Along with the Demon’s Heart trilogy, I’m working on another series that’s been brewing in one form or another for a good decade now. I’ve worked at it on and off through the years, but it went through a long stretch on the shelf for one reason:
Both the main characters were boys.
I felt somehow that I was betraying my fellow women by writing a story in which the female characters play only supporting roles. I read articles about how we need more strong female leads, how girls need better literary role models, how vital female authors are in battling sexism.
And, you know, I agree with all that. I like reading MG and YA books about girls who are strong, compassionate, and resilient. In fact, after reading a post from a fellow blogger about how she made a special effort to seek out female authors this year, I went back to my Year in Books to see how much of my reading list was written by women.
The answer? Two-thirds. Easy. And I wasn’t even remotely making an effort to read more women authors.
(What I also found interesting was that there were two books I read this year with grossly shallow female characters, and only one of them was written by a man. But that’s for another post.)
Our girls today have an abundance of literary role models to learn from, and for that I am so grateful. I can’t wait until my girls are old enough to read The Penderwicks or Princess Academy or Jane Eyre or Tuesdays at the Castle.
But at the same time, I can’t help thinking–who are our boys looking up to?
See, most of my friends growing up were boys. While I spent most of my youth fielding jabs about all my boyfriends, the truth was, they were practically brothers to me. I loved them to pieces, and I worried about them a lot. I was painfully aware, especially in middle school and high school, that the fictional characters they idolized were often either trained killers or sex-obsessed. Often both.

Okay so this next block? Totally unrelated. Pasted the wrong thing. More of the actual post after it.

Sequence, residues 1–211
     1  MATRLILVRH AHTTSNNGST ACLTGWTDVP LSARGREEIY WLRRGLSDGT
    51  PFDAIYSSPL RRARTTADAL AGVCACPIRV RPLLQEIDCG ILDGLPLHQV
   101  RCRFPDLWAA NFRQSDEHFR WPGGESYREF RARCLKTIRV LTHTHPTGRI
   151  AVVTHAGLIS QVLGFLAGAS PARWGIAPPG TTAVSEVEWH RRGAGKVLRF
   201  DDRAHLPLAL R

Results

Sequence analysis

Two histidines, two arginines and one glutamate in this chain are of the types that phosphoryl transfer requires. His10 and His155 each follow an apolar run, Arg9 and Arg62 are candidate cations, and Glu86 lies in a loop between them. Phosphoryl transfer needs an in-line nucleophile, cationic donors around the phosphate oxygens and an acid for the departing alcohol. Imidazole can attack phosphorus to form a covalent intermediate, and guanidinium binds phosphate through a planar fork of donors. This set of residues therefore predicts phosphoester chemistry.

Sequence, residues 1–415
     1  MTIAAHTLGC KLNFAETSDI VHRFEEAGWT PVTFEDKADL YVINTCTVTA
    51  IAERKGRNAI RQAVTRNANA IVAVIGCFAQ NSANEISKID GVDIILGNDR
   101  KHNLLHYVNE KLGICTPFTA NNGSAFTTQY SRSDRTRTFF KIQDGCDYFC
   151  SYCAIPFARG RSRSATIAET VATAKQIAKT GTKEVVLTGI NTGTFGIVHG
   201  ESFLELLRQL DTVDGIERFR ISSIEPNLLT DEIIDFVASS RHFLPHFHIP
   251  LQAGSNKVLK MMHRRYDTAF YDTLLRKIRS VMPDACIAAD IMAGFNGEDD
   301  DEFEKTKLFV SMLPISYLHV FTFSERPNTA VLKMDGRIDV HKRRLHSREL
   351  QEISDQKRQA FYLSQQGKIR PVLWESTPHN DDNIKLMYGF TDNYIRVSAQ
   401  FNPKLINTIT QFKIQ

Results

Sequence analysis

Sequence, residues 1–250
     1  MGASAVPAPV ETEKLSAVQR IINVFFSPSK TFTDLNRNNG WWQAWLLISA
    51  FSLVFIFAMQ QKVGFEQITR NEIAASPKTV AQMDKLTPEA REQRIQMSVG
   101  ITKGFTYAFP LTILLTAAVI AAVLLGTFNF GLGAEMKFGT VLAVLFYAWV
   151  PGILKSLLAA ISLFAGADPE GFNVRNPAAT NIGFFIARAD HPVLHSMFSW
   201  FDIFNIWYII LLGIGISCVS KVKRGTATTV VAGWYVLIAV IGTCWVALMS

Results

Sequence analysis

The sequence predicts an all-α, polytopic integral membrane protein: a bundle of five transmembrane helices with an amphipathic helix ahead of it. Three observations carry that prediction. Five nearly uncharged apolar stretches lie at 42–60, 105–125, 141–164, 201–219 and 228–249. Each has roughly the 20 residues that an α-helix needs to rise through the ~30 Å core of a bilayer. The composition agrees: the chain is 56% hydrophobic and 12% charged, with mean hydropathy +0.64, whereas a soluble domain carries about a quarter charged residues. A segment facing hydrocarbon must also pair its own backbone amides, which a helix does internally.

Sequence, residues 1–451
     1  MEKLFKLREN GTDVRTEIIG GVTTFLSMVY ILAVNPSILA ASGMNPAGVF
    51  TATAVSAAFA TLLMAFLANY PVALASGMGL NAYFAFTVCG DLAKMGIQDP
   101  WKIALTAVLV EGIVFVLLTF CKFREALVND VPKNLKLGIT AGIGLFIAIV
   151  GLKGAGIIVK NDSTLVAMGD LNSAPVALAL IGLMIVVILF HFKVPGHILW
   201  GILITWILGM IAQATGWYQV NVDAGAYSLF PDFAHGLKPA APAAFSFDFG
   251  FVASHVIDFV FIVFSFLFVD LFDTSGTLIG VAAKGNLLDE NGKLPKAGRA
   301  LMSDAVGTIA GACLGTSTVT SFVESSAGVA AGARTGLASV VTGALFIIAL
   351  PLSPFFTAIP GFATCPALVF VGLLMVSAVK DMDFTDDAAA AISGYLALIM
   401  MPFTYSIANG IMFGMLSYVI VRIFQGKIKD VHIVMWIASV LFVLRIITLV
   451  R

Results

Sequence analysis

And the thing is, that doesn’t just affect boys. Just as the portrayal of women in fiction affect what boys think women should be, the portrayal of men in fiction affects what girls think men should be. Do you know how many girls I’ve met who are in love with Captain Jack Harkness? Do you understand how this is a problem? The man is (according to popular opinion) gorgeous, charming, and willing to sleep with anything that moves. Is that the kind of man you want your daughter going on a date with?
What worries me even more is how often these stereotypically violent, shallow men are romanticized and “redeemed,” which often just means excused with the most fleeting explanation possible. I’m in the middle of the Lunar Chronicles, which are incredibly well written with a depth of world-building that makes me drool. BUT. Wolf? I’m sorry. “He can’t help it” doesn’t make me fall madly in love with a man who has spent his life tearing throats out. And as for Captain Thorne, you can’t spend two books setting him up as being dumb as a post and twice as shallow, then convince me that he’s turned his whole life around and suddenly has hidden depths.
AND THIS IS A SERIES WRITTEN BY A WOMAN WITH TRULY STELLAR FEMALE LEAD CHARACTERS.
Our boys AND GIRLS need upstanding male characters as much as they need upstanding female characters. If we want our boys and girls to grow up respecting each other and capable of working together, children’s literature is a good place to start modeling that.